In an AI reimagined financial world, it begins with the consumer (part one)

AI is undergoing its “Halo and Horns Effect”—everything it touches is anticipated to turn into a pot of gold or end civilization. However, while the promise is unprecedented, the realities of being able to define, build, and sustain dynamic AI initiatives are innovatively and operationally complex. For organizations to succeed, they will require an iterative framework that is principle encased, delivered with precise actions of rationale, and all the while continuously mitigating hidden implications.

By Mark P. Dangelo

The storyline, potential, and chaos of artificial intelligence (#AI) captures the imagination of seemingly everyone on Earth.  It fills the headlines, the daily news feeds, talk shows, political discussions, and increasingly legislation.  For business leaders facing challenging economic realities, it promises efficiencies, identification of new markets, solves regulatory compliance, ringfences precise consumer targets, and delivers granular cause-effect predictions of financial outcomes—all using continuous learning solutions, which (hopefully) improve dramatically over time against oceans of digital data assets.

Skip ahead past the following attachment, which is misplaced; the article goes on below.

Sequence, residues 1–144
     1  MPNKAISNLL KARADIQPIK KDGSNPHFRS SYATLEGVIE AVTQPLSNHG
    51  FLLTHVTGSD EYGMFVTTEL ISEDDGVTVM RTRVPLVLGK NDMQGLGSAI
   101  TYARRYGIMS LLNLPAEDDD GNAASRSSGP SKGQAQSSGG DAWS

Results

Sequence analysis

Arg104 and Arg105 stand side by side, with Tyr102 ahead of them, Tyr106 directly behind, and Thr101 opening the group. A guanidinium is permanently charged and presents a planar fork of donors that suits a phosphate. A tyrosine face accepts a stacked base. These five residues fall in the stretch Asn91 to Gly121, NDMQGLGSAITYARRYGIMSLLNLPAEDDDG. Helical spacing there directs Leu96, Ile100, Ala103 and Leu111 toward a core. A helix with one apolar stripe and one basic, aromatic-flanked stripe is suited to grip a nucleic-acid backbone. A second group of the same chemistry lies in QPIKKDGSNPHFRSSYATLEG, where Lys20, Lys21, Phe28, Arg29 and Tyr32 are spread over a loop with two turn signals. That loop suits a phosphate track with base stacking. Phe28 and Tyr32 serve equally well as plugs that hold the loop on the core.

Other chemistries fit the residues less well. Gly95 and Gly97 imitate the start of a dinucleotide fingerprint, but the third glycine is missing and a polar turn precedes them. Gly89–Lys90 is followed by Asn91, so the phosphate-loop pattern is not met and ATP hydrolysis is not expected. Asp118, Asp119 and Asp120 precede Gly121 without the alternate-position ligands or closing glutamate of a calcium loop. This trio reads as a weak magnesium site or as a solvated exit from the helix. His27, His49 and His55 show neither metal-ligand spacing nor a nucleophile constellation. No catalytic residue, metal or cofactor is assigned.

For consumers, AI holds a promise to cross-connect siloed applications, safeguard their personal information, and offer inclusion to markets, products, and services that traditional brands excluded from participation. Yet, there is also the “dark side” that feeds the insecurity of workers’ rights, gainful employment opportunities, political positioning, and social inclusion at a time when polarization seems the currency of conversation. In general, AI seems to be both a savior—and an antagonist—much like a scene out of Angels and Demons.

To set the stage, this article is the first of a series addressing a value-driven approach to creating sustainable AI within and across a BFSI organization. This installment will articulate the building blocks of solution creation, and future parts will be deeper dives into the rationale and implications of their adoption. But, before we dive into the “what,” we need to understand the “why” of customer driven AI for BFSI delivery as framed by market context.

What we will uncover in this series is that AI is not a prescription or turnkey #COTS (commercial off the shelf software) taken to alleviate risks, solve inclusion, or gain competitive advantage. It will alleviate those challenges, but only if properly and precisely integrated against a shifting landscape of consumers, industry, and ecosystem demands.

Frame the Discussion Starting with the Customer—From Their Viewpoints and Values

To frame the impacts of competition for consumer loyalty and brand identity, the last 30 days there have been atypical partnerships undertaken by very traditional institutions. Illustrative of the foundational transformations taking place across industry segments, we note that @Apple (the most trusted brand in the world again this year) has partnered with @GoldmanSachs offering @FDIC savings accounts to their consumer base. As consumer trust in BFSI institutions has fallen by over one-half across four decades, Goldman Sachs is offering its charters, processes, compliance, and tech to a non-traditional competitor with access to over 2 billion consumers.